Scientists call for effective contact tracing before schools restart
Scientific researchers have advised that ramping up Test and Trace programme efforts will be key to schools reopening. They recognised the importance of getting pupils back to the classroom but stressed the work that needs to be done in terms of contact tracing before this is allowed to happen. Simon Clarke, minister for Regional Growth, told BBC Breakfast that the Test and Trace programme is ‘maturing all the time’, and that getting children back to school is a ‘top priority’ of the Government, one it would ‘not be willing to trade’. Worldwide, it is estimated 1.6 billion children have been kept out of the classroom due to the pandemic.
The WHO has stressed the importance of tracing outbreaks and cases as quickly as possible. The virus is capable of rebounding very quickly if left untraced. In terms of this, he said, Britain "will do really well" because there is "really good attention to where the virus is locally" and a lot of "public engagement in getting on top of it". A UCL and London School of Hygiene and Tropical Medicine study which assumed children are less likely to catch the virus found that a second wave would occur in December 2020 if Test and Trace efforts were not effective enough. This potential wave would be 2.3 times larger than the first and would be avoided if both 75% of people with COVID symptoms were found and 68% of their contacts traced.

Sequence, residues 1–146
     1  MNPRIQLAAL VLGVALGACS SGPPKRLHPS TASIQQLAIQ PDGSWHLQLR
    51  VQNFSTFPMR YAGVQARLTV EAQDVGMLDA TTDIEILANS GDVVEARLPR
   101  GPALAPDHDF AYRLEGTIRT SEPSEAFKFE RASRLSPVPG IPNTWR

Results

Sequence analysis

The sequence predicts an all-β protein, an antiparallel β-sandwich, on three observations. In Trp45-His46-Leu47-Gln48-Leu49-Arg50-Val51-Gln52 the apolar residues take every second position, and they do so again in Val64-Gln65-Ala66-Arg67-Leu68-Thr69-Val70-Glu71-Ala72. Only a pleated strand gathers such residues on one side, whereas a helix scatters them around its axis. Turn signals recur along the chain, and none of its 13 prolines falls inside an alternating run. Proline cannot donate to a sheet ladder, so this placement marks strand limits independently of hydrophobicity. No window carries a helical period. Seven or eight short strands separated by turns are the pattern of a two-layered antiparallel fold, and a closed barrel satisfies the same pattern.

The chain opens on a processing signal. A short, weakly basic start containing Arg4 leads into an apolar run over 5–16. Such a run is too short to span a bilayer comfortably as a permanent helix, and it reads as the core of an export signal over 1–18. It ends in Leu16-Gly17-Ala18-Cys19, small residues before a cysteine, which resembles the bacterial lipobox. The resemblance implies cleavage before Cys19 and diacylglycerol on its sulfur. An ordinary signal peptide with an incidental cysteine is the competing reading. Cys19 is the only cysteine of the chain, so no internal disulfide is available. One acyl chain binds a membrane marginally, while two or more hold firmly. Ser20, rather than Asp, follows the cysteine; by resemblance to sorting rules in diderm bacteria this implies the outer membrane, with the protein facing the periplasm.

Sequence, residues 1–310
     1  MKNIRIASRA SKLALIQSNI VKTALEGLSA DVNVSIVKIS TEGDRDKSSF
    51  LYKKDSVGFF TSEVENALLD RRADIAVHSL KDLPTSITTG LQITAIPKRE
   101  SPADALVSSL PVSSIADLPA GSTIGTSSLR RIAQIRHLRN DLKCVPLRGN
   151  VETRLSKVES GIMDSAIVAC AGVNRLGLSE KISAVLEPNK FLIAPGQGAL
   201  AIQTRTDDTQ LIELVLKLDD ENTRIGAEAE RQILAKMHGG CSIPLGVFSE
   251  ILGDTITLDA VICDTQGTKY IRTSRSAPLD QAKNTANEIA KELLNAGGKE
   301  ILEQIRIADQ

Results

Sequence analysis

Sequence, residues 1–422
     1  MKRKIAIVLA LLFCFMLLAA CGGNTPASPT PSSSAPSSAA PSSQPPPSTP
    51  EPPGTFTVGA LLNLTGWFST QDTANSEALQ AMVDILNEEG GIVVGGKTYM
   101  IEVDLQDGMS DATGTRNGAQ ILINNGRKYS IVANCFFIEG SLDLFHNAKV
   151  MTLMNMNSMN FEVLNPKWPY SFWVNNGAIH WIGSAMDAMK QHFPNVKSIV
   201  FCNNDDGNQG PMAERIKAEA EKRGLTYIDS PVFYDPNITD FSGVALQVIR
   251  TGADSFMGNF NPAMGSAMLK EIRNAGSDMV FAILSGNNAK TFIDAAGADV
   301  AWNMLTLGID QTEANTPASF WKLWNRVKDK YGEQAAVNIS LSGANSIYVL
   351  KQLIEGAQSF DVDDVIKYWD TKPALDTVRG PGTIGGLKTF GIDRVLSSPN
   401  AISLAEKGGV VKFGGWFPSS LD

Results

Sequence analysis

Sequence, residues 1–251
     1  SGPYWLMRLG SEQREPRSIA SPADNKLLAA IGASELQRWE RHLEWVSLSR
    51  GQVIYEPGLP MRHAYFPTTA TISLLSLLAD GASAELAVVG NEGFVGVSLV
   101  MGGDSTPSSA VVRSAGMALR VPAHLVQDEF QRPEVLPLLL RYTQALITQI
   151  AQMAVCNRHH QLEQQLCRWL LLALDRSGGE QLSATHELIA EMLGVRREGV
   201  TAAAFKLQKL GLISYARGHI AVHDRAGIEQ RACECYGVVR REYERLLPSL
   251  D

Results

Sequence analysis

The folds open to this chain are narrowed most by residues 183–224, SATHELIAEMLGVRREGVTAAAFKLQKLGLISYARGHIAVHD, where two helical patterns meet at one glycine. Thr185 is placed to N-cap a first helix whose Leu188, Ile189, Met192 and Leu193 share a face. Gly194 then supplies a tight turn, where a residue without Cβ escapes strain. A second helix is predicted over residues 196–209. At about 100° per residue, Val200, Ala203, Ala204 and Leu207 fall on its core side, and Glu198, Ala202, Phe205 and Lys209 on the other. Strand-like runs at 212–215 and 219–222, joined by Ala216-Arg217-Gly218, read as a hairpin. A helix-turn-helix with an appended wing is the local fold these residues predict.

Estimates have shown that only 50% of positive cases are being contacted through the NHS Test and Trace programme at present. "It is not achieving the levels we have modelled. It doesn't look good enough to me," said Prof Chris Bonell, from the London School of Hygiene and Tropical Medicine. Additional precautions have now been considered due to rising cases such as closing pubs to customers. Schools are due to restart for all children in Scotland on 11 August and across the UK in early September.